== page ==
The Chinese government officially launched the National Essential Drug System (NEDS) Aug. 18, 2009 at a press conference held by the State Council, during which it explained the concentration of specific drug purchases in urban and county grass-roots health institutions as the first step in the implementation of NEDS. By 2009, NEDS will be implemented in 30 percent of government-run urban and county health care institutions in each province, region, or municipality. NEDS could have significant implications for the marketing, sale, distribution, and pricing of drugs by multinational and Chinese pharmaceutical companies in China.

As part of the implementation of NEDS, nine government ministries, including the Ministry of Health (MOH), National Development and Reform Commission (NDRC), Ministry of Industry and Information Technology (MIIT), Ministry of Supervision (MOS), Ministry of Finance (MOF), Ministry of Human Resources and Social Security (MOHRSS), Ministry of Commerce (MOFCOM), State Food and Drug Administration (SFDA), and State Administration of Traditional Chinese Medicine (SATCM), jointly issued the "Implementing Opinions on Establishing the National Essential Drug System," the "Administrative Measures on National Essential Drug List (Interim)," and the "National Essential Drug List – Section for Primary Medical and Public Health Institutions Use (2009 Version)."

NEDS is intended to more effectively manage the selection, production, distribution, usage, pricing, reimbursement, supervision, and evaluation of essential drugs, as well as to improve public health, medical services, and medical security. The new regulations note that all government-run grass-roots health care institutions are required to purchase and use essential drugs, while other types of health care institutions are required to use essential drugs based on standardized percentages for minimum use.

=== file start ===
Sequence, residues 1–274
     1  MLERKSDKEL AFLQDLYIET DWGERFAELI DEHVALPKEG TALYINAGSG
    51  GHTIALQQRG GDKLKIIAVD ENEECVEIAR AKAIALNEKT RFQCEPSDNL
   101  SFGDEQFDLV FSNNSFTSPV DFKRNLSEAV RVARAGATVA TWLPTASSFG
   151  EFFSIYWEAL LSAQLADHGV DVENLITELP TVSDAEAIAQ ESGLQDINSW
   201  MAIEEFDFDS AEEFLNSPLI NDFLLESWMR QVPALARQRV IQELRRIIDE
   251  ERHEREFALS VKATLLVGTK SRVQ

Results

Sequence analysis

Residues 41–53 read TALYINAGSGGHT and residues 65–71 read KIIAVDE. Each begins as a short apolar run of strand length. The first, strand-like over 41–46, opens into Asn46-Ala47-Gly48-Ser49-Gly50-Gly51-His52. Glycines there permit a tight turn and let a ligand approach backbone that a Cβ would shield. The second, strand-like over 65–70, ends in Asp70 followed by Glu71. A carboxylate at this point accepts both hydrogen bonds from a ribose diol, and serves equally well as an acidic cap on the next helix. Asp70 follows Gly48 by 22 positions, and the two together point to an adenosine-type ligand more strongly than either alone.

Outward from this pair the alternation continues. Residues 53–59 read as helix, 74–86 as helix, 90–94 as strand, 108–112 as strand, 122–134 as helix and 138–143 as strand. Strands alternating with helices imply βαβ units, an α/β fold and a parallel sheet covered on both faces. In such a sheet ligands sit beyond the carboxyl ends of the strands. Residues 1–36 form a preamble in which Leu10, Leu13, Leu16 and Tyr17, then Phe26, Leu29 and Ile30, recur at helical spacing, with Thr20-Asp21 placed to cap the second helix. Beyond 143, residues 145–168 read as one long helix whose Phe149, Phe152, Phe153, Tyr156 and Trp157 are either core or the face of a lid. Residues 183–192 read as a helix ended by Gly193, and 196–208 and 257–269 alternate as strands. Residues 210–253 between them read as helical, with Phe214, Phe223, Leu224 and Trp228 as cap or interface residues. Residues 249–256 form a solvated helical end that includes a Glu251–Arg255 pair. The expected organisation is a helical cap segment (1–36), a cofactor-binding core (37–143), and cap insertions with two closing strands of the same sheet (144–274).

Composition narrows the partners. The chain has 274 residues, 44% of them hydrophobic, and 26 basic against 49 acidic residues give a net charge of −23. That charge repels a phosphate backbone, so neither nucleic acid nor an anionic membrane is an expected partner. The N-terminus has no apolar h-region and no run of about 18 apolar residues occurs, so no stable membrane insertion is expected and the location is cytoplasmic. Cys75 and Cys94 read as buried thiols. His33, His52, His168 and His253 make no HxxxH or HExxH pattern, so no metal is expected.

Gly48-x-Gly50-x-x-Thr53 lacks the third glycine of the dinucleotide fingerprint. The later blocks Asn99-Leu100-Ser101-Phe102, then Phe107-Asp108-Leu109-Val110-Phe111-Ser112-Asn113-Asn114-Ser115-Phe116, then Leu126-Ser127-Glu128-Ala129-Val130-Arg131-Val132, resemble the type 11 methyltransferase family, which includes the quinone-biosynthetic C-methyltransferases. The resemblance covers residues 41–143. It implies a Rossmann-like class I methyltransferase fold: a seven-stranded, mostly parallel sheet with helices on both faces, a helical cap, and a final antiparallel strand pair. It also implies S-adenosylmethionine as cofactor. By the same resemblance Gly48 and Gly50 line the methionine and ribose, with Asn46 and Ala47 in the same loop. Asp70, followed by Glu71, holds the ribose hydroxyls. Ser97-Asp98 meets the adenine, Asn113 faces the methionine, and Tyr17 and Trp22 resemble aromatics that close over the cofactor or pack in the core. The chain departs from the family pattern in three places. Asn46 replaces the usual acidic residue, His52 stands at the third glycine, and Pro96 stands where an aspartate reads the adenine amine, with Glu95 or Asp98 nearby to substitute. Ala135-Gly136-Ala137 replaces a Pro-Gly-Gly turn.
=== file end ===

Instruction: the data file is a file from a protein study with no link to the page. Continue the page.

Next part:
To read the full alert, click here.

Prescription Drug and Medical Device Promotion Article Published in AHLA Health Lawyers Weekly

The article on "Prescription Drug and Medical Device Promotion – New FDA Draft Guidance on Presenting Risk Information" by Reed Smith lawyers Areta Kupchyk, Frederick Branding, Jennifer Goldstein and Kevin Madagan (previously discussed in this post) has now been published in AHLA's Health Lawyers Weekly (log in required).

Vermont Enacts Revised HCP Disclosure Requirements, Gift Ban

This post was written by Matthew Wetzel.

On June 9, 2009, Vermont’s governor signed S. 48, a new law that revises the state’s current pharmaceutical marketing disclosure requirements. The new statute expands the application of Vermont’s current requirement that pharmaceutical manufacturers annually disclose certain expenditures made in connection to interactions with Vermont health care professionals. Under the new law, the disclosure requirement now also applies to medical device companies. Further, the new law adds a ban on certain items and expenditures that was not included in the previous version. Notably, this gift ban goes into effect July 1, 2009.